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    Badminton Player's Diary: more than a backyard game

    John Emmert
    09.29.14
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    Badminton became an Olympic sport in 1992 and is extremely popular in most of Asia. Here in the United States the game is viewed as more of a recreational activity for a summer's afternoon in the backyard or at a picnic. However thousands of people across America do participate in badminton as a competitive sport and this new app is intended for them. Badminton Player's Diary Coaching App is free and made for just your iPad. It requires iOS 6.1 or later.

    Badminton Player's Diary Coaching App screenshots

    The app is intended to be used by a third party viewing a match and tracking one or both of the players involved. The person using the app charts each shot during the match and is able at any time to check out the statistics of each player. All strokes are recorded in real time and are separated into attacking strokes or non-attacking strokes. They each receive a different designation in the app so it is easy to tell at the end of a rally or match which player was the aggressor. The app user just taps on the screen showing where the shot ended up.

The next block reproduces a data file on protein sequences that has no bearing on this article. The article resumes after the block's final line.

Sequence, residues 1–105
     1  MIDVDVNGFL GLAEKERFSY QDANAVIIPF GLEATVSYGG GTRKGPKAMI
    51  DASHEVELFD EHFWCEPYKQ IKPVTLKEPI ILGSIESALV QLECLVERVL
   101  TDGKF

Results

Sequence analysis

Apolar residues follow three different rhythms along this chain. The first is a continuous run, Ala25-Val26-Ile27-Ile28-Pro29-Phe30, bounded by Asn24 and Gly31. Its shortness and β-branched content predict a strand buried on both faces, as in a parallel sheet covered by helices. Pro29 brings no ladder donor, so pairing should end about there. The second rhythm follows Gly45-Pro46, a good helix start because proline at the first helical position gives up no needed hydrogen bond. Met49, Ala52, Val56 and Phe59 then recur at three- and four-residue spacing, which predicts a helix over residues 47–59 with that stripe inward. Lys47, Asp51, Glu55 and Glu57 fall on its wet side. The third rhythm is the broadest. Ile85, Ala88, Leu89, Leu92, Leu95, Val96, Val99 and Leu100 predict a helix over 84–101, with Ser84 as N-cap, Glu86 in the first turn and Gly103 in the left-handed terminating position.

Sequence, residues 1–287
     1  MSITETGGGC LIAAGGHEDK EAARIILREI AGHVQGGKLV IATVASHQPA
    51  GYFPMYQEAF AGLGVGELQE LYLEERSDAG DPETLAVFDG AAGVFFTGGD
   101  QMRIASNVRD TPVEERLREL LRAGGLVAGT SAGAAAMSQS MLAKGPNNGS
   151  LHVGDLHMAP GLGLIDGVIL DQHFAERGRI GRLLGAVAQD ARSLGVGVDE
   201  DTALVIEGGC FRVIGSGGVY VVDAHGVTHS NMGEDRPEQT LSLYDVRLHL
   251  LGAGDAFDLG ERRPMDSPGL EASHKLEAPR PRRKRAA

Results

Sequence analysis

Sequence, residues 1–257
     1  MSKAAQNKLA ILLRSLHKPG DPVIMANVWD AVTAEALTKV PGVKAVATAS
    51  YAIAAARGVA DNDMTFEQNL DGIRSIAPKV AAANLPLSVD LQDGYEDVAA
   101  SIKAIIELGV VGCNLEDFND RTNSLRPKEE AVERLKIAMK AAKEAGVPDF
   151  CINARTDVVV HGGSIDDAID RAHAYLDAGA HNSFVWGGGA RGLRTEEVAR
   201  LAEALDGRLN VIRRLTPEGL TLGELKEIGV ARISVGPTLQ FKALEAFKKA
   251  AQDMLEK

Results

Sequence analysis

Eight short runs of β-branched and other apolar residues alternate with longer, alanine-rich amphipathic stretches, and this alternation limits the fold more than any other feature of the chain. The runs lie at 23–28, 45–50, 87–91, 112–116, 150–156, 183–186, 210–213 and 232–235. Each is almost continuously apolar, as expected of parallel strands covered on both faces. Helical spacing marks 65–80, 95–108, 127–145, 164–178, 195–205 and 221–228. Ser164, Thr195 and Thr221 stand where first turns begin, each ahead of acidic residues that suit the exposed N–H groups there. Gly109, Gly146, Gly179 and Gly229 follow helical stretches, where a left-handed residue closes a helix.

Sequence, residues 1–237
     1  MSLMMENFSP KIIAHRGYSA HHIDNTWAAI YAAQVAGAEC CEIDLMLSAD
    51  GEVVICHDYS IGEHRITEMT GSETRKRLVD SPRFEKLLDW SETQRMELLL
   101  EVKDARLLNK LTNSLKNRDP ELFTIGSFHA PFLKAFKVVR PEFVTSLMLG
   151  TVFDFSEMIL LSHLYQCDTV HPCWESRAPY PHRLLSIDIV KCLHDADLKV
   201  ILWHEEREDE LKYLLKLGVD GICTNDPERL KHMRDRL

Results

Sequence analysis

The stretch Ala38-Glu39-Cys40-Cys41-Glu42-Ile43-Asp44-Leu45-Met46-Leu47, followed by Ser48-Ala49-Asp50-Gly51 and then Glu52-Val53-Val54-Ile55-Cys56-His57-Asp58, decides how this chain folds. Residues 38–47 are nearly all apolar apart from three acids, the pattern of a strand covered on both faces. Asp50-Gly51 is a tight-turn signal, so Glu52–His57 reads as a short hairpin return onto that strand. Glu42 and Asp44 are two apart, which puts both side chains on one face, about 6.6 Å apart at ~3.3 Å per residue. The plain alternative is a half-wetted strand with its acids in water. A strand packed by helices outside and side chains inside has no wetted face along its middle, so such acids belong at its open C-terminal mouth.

When a rally ends, the user can designate whether the stroke that ended the ended it was a forced or unforced error resulting in the shuttlecock going over the line or into the net. At any time the user can look at the game and match statistics and see just where all the shots were placed, whether they were attacking or defensive, and the result, part of a rally, a winner, out of bounds, or into the net.

    Badminton Player's Diary Coaching App screenshots

    Badminton Player's Diary also makes recommendations on how each player can improve his or her strategy during the game in terms of attacking or location of the strokes. However to get this information you need to make a $0.99 in-app purchase. It appears you would need to make this purchase for each match. If you do buy the recommendations, you will receive three actions supposed to help that player improve his game. If you tap on each recommendation you get a graphic visualization of how to implement the suggestion.

    The app is simple to operate. You use a drop down menu to add players and to start new matches. You can then save both the matches and players so the players can be used again and the matches for review.

    I have only played badminton as a diversion but I can see how Badminton Player's Diary Coaching App could assist competitive players. It would be helpful to see if all your shots were to one side or the other of the court or if all your misses were to your backhand. Since the app is free it is worth trying and maybe you can end up in the Olympics some day.

    In this article: badminton, coaching, iPad, review
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